It does come with a lot of pressure, because ultimately, I’d like my entry point to the world to be that I’m a musician. I don’t want it to be that I’m gay, or that I talk about these things. I understand that I’m at a privilege point right now where I can take advantage of these things, to sort of further certain personal agendas that I have in regard to a bunch of issues that I care about. The only pressure about these things is that I don’t think anybody in the band is really ready to speak for other people. We just speak for ourselves, and we hope that people can identify. If they do, great. If they can’t, tough. For me, that’s the role that the band should have to play. Speak our own narratives, tell our own stories, because these are stories that don’t get told very often.

Thoughts on the “world music” genre?  

So much. So much. To start with, essentially that category means anything that isn’t from Europe or North America. Which is so weird. That music—from North America or Europe—deserves genre, but everything else we’re going to lump into “world,” which essentially means ethnic, which is a dirty friggin’ word. What bothers me even more is when people get pinned into that, even when they don’t play this “ethnic music.” Like we make pop. It’s pop music from Lebanon, but just because of the color of my skin, or where we come from, or grew up, or the language that we play in, it becomes world music, which is super weird. The whole thing is wrong. It’s extremely offensive, and it’s so weird for me how people continue to use it and not see that it’s offensive.

How would you choose for Mashrou’ Leila to be categorized?

I call it boutique pop. For me it’s just pop, it’s independent pop.

What do you think of the editorials that call you guys “the voice of the Arab Spring” or any of those other grandiose titles?

For me it seems like part of a very long tradition of Western media trying to simplify the condition of the Arab world and propagate this idea of the Arab person that we can understand, when really Arab society is just complicated and dense and as varied as any other society.

I feel like labels like that—like “sound of the Arab spring”—just fall into that. Where you try to simplify a very complicated narrative into some strange representation carried out by five middle class Lebanese men. That can’t possibly be the Arab Spring, that’s absurd. These things just make me very uncomfortable because on one hand, they have benevolent intentions, right? No one’s really trying to be malicious, but it’s just inadvertent racism and it makes me really, really uncomfortable. Also I just don’t think people go up to European artists or white American artists and say, “do you represent your culture?” It’s just not expected. For Arab artists, for us to have any legitimacy, or for us to deserve that people care about what we do, we have to justify our “people.” Which is ridiculous.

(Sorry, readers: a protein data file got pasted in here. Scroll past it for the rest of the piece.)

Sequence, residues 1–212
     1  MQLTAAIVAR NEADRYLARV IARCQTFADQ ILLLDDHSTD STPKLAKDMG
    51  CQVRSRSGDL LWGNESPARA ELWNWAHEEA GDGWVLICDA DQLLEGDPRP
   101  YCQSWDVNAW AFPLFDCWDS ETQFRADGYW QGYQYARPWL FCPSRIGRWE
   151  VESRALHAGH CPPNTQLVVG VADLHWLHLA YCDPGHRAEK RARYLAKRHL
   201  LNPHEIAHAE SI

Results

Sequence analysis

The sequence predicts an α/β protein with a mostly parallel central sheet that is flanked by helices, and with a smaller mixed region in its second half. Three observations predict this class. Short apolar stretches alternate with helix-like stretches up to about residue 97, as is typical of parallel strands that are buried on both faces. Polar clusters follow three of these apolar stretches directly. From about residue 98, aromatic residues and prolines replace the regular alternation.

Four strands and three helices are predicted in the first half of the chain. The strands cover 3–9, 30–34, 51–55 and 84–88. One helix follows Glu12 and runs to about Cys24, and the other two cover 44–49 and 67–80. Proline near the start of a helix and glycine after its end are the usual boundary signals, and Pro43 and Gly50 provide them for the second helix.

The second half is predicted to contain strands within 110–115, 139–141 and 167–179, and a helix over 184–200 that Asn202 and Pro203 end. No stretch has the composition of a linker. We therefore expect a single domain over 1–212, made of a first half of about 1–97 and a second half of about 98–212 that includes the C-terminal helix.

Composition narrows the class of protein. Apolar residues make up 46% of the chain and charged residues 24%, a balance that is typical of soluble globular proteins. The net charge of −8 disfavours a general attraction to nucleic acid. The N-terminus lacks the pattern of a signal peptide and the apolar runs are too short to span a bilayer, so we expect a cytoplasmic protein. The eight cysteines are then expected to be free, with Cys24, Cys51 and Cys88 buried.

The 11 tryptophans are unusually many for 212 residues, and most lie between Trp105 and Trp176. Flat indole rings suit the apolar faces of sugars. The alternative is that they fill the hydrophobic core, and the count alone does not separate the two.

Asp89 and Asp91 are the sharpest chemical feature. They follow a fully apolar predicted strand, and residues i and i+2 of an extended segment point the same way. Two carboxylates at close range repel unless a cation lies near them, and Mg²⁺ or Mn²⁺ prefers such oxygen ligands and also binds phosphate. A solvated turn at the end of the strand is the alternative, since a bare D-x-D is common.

What do you wish more journalists would ask you?

I’d just really like to talk about music every now and then. If I’m doing an interview for a French queer magazine, it makes sense that they’re going to want to focus on my sexuality, because that’s the point of that publication, but then when you’re doing an interview for a music magazine and they just want to talk to you about homosexuality, it’s like, man, I wake up thinking about lyrics, and writing, and chord progressions. You know, trying to listen to more stuff, trying to read up on more music, trying to do all this stuff. I don’t wake up and say hey, I’m going to be a homosexual today.

I just really wish people would stop oversimplifying Arab people, and Lebanese people, and people of color. It kills me, constantly having to deal with this stuff, so if there’s anything I would ask for, more than just people enjoying the music and buying an album or two, it’s that.